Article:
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5 December 2013 11:26 am ,
Vol. 342 ,
Thousands of scientists in the Russian Academy of Sciences (RAS) are about to lose their jobs as a result of the...
Dyslexia, a learning disability that hinders reading, hasn't been associated with deficits in vision, hearing, or...
Exotic, elusive, and dangerous, snakes have fascinated humankind for millennia. They can be hard to find, yet their...
Researchers have sequenced and analyzed the first two snake genomes, which represent two evolutionary extremes. The...
Snake venoms are remarkably complex mixtures that can stun or kill prey within minutes. But more and more researchers...
At age 30, Dutch biologist Freek Vonk has built up a respectable career as a snake scientist. But in his home country,...
Since arriving on the island of Guam in the 1940s, the brown tree snake ( Boiga irregularis ) has extirpated native...
An animal rights group known as the Nonhuman Rights Project filed lawsuits in three New York courts this week in an...
- 5 December 2013 11:26 am , Vol. 342 , #6163
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Cleaning the Chesapeake Requires Sticks and Carrots
10 September 2009 4:24 pm
Moving toward a final restoration strategy for Chesapeake Bay, the U.S. Environmental Protection Agency, U.S. Department of Agriculture, and other federal agencies proposed new regulations and incentives to lessen pollution in a set of draft reports released today.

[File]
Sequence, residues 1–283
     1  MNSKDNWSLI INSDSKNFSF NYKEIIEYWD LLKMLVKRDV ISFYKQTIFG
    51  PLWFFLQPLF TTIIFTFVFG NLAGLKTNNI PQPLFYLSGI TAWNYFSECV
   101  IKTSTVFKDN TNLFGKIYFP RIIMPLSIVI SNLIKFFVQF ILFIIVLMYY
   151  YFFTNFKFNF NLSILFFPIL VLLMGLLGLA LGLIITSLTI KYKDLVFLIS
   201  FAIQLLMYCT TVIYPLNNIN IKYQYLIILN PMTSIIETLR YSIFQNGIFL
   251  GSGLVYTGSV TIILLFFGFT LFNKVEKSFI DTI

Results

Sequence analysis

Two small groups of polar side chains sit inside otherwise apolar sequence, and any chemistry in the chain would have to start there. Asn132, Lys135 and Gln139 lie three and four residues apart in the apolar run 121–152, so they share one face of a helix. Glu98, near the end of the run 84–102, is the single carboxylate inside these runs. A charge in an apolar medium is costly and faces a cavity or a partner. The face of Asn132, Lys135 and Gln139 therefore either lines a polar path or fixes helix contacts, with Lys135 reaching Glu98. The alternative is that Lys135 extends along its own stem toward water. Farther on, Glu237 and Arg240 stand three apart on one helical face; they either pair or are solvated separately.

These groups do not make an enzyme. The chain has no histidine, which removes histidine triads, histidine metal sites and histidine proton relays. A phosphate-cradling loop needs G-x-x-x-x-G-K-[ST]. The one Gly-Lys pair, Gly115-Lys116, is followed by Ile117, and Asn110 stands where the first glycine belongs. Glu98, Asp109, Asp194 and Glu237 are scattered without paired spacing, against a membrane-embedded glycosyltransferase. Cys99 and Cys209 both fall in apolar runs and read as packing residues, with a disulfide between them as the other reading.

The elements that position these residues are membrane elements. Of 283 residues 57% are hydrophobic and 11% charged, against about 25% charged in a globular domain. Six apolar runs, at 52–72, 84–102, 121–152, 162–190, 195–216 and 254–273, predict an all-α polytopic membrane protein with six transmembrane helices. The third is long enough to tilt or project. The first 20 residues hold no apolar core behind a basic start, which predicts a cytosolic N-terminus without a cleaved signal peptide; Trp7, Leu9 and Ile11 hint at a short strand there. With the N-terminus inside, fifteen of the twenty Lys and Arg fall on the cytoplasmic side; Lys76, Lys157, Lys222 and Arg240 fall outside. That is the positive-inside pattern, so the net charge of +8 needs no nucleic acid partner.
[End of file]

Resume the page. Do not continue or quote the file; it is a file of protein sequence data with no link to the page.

EPA plans to increase regulation of the excessive nutrients—coming from agriculture, sewage treatment plants, and air pollution—that have long choked the bay. "The message here is that there is a committment to increase enforceability," EPA Administrator Lisa Jackson said at a press conference. USDA focused on incentives, announcing it was committing $638 million of incentives over 5 years to help farmers reduce runoff from fields and barns. A report on science called for better monitoring and an ecosystem-based approach to restoration, as opposed to the current focus on water quality.
President Barack Obama called for the reports in a 12 May executive order intended to kickstart restoration efforts for the Chesapeake.
The Chesapeake Bay Foundation (CBF), an advocacy group based in Annapolis, Maryland, welcomed the reports, but called for tougher action.
"It appears that Administrator Jackson's EPA is finally ready to take on an ambitious agenda to reduce water pollution in our region," CBF President William Baker said in a statement. "Its suggestions for accomplishing this are positive, but weak and need strengthening." Baker would like to see stricter standards for air pollution from coal-fired power plants and vehicles, for example.
The research report, drafted by scientists at the U.S. Geological Survey, National Oceanic and Atmospheric Administration, and other agencies, highlighted the need to focus on adaptive and ecosystem-based managment (EBM). "This will require significant revision of the existing Chesapeake Bay Program goals and structure," according to the report. "The desired outcome is to transform the partnership to dramatically increase the involvement of citizens and local governments, and better align federal, state, NGOs, and academic efforts to strive for a sustainable Bay and watershed through EBM."
An interagency committee will review the reports over the next 2 months and release a draft strategy on 9 November. A final strategy is due 12 May.